Colonial Discourse and the Suffering of Indian American Children Book Cover.webp

In this book, we analyze the psycho-social consequences faced by Indian American children after exposure to the school textbook discourse on Hinduism and ancient India. We demonstrate expose the correspondence between textbooks and the colonial-racist discourse. This racist discourse produces the same psychological impacts on Indian American children that racism typically causes: shame, inferiority, embarrassment, identity confusion, assimilation, and a phenomenon akin to racelessness, where children dissociate from the traditions and culture of their ancestors.

This book is the result of four years of rigorous research and academic peer-review, reflecting our ongoing commitment at Hindupedia to challenge the representation of Hindu Dharma within academia.

Aśuklakrsna

From Hindupedia, the Hindu Encyclopedia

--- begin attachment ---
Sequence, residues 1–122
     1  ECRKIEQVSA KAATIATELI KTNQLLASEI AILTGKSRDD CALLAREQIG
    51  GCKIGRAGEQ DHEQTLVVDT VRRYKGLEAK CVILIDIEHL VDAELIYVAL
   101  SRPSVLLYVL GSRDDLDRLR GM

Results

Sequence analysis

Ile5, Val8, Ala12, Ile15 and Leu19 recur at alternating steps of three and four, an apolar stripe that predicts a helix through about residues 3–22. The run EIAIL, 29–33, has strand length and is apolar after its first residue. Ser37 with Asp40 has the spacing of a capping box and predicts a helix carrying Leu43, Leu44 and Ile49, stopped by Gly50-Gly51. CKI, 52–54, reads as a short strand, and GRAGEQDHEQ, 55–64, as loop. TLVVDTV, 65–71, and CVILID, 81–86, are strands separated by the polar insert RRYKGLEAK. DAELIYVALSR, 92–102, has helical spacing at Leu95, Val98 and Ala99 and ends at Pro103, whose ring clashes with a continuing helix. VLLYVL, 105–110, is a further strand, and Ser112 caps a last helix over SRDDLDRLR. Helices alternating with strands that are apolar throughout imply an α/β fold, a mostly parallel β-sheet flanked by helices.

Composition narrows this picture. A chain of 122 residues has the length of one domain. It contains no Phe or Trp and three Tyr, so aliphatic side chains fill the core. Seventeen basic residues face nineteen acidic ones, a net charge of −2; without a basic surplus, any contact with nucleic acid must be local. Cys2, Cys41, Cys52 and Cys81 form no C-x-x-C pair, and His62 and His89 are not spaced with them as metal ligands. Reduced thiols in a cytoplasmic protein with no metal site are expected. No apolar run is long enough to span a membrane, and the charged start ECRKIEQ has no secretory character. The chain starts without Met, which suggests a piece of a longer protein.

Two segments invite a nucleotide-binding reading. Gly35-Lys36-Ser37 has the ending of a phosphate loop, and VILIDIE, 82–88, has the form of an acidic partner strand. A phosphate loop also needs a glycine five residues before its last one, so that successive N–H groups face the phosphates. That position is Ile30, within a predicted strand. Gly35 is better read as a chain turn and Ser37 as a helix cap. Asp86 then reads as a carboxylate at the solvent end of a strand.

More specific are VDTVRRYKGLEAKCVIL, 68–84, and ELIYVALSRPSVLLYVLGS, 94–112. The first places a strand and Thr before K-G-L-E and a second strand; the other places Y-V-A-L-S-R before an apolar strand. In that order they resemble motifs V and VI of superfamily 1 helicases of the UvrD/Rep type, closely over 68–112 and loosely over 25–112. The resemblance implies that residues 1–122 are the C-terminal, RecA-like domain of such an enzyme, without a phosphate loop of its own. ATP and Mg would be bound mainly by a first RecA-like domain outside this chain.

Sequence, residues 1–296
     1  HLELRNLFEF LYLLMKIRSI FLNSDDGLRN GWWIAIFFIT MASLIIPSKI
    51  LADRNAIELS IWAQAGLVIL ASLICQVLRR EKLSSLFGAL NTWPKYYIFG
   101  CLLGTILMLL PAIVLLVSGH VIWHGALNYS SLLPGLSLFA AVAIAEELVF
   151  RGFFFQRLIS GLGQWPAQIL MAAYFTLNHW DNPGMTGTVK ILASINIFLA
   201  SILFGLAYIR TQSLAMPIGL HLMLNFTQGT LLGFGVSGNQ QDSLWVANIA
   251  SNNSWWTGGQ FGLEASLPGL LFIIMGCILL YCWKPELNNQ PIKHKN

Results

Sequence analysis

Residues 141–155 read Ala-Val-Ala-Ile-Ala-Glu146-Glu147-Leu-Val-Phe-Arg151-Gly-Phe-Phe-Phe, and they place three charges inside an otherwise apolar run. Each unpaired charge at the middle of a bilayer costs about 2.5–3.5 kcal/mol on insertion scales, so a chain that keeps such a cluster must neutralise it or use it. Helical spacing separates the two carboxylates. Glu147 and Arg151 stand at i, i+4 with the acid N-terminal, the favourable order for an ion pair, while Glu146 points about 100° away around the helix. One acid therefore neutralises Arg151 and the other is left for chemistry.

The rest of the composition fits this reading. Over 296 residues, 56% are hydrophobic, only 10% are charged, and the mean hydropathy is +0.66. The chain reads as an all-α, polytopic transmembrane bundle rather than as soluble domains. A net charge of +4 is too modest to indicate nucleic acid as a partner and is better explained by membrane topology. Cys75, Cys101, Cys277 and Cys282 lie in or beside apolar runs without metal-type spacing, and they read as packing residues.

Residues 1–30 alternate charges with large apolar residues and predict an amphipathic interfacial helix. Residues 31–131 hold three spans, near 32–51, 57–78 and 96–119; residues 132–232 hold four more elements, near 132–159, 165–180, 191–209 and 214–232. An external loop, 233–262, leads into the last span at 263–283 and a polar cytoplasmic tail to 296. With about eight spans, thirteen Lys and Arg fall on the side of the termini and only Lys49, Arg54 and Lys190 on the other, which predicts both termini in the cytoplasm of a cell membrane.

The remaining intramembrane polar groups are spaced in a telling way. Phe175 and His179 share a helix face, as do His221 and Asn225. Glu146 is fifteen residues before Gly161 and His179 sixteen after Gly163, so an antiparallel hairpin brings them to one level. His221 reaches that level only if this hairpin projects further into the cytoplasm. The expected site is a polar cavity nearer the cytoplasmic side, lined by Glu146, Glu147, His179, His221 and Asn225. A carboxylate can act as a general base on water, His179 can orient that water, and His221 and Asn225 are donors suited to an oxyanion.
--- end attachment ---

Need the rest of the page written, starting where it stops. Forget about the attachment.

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By Swami Harshananda

Aśuklakrsna literally means ‘that which is neither white nor black’.

This is a special term used by Patañjali (200 B. C.) in his celebrated work the Yogasutras.[1] Normally the karma of individuals that fructify in this life or in the future lives is classified either as ‘śukla’ (‘white;’ i.e., puṇya or meritorious) or as ‘kṛṣṇa’ (‘black;’ i.e., pāpa or sinful). The former bring good results whereas the latter cause evil effects.

But the karmas done by a perfected yogin are neither kṛṣṇa nor śukla, since he never commits sins; and offers the fruits of all his meritorious deeds to īśvara or God. Hence his karma is known as ‘aśukla- akṛṣṇa,’ ‘neither white nor black’ and does not produce any result that will bind him in any way.


References[edit]

  1. Yogasutras 4.7
  • The Concise Encyclopedia of Hinduism, Swami Harshananda, Ram Krishna Math, Bangalore